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Town of Lewiston approves tax levy limit override

Sat, Oct 29th 2016 07:00 am

CWM a discussion topic at hearing

By Terry Duffy


The Town of Lewiston moved further on its 2017 budget this week, both at a public hearing Monday to override the tax levy limit, and in its $16.820 million preliminary spending plan.

The new numbers released on Tuesday reflect Town Finance Director Martha Blazick's continued intent on addressing town spending by bringing accounts into balance, rather than relying on fund balances, as had been the case in previous years.

"They're minor increases, to bring budgets into balance," Blazick said of the new, $16.820 million total - a slight increase over the earlier $16.620 million tentative plan. She said the numbers were revised following an earlier series of meetings with town departments and outside community recipients.

On Monday, the Town Board held a public hearing on its plan to override the state tax cap - adjusted this year at 0.68 percent for inflation. The hearing on the proposed Lewiston tax cap override - in essence, 100 percent, as the town does not currently have a town tax - saw just two offering comments from the roughly two-dozen attending. The override went on to be passed by the Town Board on an unanimous 5-0 vote.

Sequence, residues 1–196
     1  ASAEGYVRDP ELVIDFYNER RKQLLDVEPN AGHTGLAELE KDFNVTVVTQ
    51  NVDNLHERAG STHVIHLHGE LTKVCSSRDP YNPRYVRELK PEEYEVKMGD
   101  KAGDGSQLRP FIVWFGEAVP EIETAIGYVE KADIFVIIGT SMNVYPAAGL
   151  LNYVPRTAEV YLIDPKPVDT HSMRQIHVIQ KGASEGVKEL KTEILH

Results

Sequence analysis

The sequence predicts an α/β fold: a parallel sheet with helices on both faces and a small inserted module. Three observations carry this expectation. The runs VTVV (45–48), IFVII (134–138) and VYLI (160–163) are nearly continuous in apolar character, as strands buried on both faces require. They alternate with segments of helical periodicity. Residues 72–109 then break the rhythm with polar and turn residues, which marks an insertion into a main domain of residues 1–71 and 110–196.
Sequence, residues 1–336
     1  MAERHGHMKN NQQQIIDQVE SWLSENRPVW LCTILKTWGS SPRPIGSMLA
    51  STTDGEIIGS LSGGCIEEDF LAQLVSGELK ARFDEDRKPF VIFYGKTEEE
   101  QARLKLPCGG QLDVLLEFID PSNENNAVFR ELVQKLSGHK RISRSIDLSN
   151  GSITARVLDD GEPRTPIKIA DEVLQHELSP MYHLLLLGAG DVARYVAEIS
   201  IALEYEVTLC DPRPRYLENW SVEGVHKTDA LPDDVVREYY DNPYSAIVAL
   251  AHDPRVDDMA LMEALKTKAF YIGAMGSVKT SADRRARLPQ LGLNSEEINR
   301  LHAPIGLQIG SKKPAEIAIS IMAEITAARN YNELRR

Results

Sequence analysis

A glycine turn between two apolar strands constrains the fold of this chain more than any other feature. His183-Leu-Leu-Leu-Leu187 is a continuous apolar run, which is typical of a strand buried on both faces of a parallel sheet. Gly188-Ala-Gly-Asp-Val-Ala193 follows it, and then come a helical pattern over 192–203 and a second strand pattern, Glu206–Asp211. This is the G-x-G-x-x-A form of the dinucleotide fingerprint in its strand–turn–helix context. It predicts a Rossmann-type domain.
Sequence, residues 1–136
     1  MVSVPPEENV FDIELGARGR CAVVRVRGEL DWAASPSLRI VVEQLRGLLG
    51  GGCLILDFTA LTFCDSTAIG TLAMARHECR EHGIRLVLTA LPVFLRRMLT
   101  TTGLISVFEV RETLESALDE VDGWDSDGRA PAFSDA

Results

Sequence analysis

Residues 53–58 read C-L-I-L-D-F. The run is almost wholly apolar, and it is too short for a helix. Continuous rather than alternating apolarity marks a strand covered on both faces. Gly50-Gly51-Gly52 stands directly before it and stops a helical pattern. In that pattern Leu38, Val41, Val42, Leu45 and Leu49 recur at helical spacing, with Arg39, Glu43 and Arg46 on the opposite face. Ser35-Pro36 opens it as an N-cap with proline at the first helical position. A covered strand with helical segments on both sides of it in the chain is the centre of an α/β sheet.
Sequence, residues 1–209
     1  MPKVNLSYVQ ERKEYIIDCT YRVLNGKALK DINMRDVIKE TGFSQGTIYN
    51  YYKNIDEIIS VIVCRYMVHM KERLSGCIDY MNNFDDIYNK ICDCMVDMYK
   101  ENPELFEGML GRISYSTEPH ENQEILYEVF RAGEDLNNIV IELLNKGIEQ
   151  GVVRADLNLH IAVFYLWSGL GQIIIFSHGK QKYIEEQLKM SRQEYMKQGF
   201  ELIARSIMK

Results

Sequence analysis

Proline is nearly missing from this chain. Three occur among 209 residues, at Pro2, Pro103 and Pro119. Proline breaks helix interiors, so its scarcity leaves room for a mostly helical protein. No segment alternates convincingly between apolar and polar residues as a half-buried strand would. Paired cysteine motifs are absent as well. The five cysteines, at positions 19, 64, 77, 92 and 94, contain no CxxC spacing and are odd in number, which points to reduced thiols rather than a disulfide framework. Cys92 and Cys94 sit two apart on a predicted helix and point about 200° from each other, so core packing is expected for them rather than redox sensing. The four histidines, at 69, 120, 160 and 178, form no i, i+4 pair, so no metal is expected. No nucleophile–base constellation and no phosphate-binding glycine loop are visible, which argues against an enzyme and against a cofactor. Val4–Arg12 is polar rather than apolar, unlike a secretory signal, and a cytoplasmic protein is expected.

Of note by the two attending residents who spoke was not the Lewiston Family Ice Rink, which faces suspension in its operations this year and has garnered a fair amount of response in the community and on social media. Instead, it was CWM Chemical Services LLC, a Balmer Road hazardous waste landfill facility whose operations have all but ceased - along with the company's funding to the town in the form of gross receipts taxes, based on CWM's agreements from its haz-waste landfilling activity.

Speaker Kim Hill of Pletcher Road questioned "why the tax override?" and raised the issue of Lewiston funding the efforts of environmental attorney Gary Abraham to represent the town in potential court battles as CWM awaits a state Department of Environmental Conservation hazardous waste siting board decision on its future.

"I understand ... (the) CWM tax levy is no longer affecting the budget these days," Hill said. "I wanted to make it clear ... I do live on Pletcher Road, directly behind the school, which would affect me in anything that CWM does. I have no relation to CWM.